Ransomware for Windows Classified as a Fringe Danger

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Despite the fact that Europol has pronouced ransomware as “the most prominent malware threat”, it was classified as a fringe danger by another measure.

According to the antivirus testing group AV-Test, the recent attacks by WannaCry and NotPetya infections have occupied the headlines lately, however, when summed up, the viruses appeared to be a class of malware which made up less than 1% of 600 million malicious programs for Windows in 2016.

The AV-Test experts claim that last year was wrongly named the “year of ransomware”, though 2016 managed to earn this title due to the mode of action and all the damage the malware has caused to computer systems all over the world.

At the same time, the antivirus testing group confirms that the fourth most widespread malware family over the past year was the file-encrypting Virlock ransomware.

According to a recent report by Microsoft, half a billion emails with ransomware downloaders are sent to Windows systems every quarter.

For instance, despite the attacks on the SWIFT banking network, the banking trojans’ share of 2.74% of all malware also doesn’t capture the damage this virus has caused.

What the statistics has shown, is that there was a 15% decline in the new malware developed for Windows in 2016 compared with 2015, which is a proof for a slowdown in the new threats. The malware developed for Windows accounts for 70% of all malware of the 640 million samples AV-Test counts. The Android malware makes up 5.6%.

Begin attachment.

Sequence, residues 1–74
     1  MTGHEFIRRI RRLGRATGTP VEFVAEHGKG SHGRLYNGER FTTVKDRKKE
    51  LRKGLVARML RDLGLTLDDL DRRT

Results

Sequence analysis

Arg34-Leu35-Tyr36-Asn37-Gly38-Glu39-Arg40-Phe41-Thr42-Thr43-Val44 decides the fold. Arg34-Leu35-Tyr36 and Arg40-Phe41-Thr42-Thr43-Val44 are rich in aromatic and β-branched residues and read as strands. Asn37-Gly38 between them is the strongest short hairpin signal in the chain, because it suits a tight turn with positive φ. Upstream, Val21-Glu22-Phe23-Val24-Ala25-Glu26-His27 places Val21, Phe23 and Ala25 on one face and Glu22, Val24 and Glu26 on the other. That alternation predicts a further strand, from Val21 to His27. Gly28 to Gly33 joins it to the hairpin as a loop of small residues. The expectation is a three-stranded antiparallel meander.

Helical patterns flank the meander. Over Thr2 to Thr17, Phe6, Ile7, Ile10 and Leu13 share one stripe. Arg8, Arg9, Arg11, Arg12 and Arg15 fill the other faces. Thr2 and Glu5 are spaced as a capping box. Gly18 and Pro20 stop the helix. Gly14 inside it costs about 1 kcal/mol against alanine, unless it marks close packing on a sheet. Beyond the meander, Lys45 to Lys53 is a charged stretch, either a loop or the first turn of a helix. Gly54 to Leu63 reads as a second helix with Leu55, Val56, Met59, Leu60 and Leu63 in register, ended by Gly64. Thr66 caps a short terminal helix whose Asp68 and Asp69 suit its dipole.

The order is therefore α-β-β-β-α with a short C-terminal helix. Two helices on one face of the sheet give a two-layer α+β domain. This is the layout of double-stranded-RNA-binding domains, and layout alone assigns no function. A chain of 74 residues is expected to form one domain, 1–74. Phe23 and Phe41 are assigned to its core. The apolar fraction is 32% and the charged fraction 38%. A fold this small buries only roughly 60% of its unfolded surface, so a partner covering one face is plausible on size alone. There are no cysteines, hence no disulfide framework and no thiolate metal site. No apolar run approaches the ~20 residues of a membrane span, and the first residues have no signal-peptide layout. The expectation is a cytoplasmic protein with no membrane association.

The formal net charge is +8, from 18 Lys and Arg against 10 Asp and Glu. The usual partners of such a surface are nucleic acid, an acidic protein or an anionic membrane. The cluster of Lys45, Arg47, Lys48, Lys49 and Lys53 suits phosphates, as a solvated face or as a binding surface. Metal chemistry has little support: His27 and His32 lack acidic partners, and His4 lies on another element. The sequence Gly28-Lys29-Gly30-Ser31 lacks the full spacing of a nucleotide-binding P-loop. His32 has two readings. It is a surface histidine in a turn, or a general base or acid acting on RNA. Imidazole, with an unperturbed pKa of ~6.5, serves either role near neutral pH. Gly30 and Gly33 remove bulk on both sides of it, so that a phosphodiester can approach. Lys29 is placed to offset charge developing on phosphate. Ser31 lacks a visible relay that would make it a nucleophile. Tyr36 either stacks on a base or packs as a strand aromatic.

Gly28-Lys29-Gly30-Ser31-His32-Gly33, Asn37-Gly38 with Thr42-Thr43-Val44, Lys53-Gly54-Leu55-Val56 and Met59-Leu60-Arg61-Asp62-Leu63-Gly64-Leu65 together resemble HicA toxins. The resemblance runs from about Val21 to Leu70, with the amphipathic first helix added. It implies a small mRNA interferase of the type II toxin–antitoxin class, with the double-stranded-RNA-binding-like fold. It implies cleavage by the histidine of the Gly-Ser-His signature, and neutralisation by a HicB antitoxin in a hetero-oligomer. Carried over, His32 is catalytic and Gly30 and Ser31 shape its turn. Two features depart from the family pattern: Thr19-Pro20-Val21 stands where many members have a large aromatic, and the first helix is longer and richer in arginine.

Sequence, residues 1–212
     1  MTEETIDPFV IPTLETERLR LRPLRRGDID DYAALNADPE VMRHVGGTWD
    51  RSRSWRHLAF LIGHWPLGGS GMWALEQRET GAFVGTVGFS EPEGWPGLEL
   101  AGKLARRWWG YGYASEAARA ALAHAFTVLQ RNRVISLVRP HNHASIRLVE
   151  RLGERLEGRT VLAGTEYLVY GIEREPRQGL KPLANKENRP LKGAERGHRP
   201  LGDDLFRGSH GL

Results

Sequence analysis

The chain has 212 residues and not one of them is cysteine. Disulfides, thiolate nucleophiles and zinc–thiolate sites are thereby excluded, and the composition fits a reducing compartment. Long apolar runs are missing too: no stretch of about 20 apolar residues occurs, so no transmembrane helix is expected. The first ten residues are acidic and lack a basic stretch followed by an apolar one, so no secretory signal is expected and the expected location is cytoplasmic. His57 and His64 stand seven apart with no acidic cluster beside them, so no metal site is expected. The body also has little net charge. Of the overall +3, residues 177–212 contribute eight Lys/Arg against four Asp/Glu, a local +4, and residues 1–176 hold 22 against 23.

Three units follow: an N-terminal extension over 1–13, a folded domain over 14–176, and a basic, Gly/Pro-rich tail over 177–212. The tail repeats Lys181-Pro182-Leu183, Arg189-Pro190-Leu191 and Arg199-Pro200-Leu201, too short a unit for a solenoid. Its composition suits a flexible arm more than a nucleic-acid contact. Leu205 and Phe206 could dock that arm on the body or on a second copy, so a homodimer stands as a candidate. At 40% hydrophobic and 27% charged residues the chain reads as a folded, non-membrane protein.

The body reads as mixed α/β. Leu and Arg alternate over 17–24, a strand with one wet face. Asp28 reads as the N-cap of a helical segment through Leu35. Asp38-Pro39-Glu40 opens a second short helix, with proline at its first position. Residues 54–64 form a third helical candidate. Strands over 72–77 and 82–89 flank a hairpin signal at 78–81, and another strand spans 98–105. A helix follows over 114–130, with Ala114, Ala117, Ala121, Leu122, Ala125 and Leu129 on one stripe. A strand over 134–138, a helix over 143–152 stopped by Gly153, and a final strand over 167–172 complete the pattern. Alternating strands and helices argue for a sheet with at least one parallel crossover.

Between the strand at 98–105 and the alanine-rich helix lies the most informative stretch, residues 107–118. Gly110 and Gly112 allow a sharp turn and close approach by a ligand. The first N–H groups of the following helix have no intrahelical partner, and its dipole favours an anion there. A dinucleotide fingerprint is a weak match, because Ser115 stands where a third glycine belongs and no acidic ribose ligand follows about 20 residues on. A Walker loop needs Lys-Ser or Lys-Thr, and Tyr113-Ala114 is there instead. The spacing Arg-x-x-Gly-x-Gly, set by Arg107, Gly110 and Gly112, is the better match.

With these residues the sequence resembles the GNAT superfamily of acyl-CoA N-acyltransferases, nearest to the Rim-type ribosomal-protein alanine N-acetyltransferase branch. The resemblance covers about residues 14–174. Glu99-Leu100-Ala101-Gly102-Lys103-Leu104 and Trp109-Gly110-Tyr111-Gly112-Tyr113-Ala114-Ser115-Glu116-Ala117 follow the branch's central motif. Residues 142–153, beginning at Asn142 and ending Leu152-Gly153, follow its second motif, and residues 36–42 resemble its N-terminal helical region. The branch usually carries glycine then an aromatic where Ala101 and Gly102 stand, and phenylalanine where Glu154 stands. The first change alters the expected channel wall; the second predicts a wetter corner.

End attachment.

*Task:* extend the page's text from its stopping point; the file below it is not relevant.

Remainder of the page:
The viruses for Linux, like the Mirai botnet malware for example, rose up 300% in 2016, while the macOS malware increased 370%, from 819 different malware threats to 3,033. A great part of the macOS threats are classified as “potentially unwanted software”.

Overall, the number of new malicious Android applications in 2016 reached four million, which is double when compared to 2015. Most of these threats are Trojans. At the same time, the ransomware for Android remained a minor threat at 0.22% of all Android malware which decreased from 12,521 to 8,822 in 2016.

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Nelly Vladimirova
Nelly Vladimirova has been working as a journalist since 1998 with a main focus on Finance, Economics, and IT. In 2004 she graduated the University of Plovdiv, Bulgaria, as a Bachelor in English Philology and Master in Linguistics and Translation. Later, Nelly received a postgraduate certificate in Business Management from Scott's College, UK. Presently, she is presenting the latest news related to computer security at www.virusguides.com.

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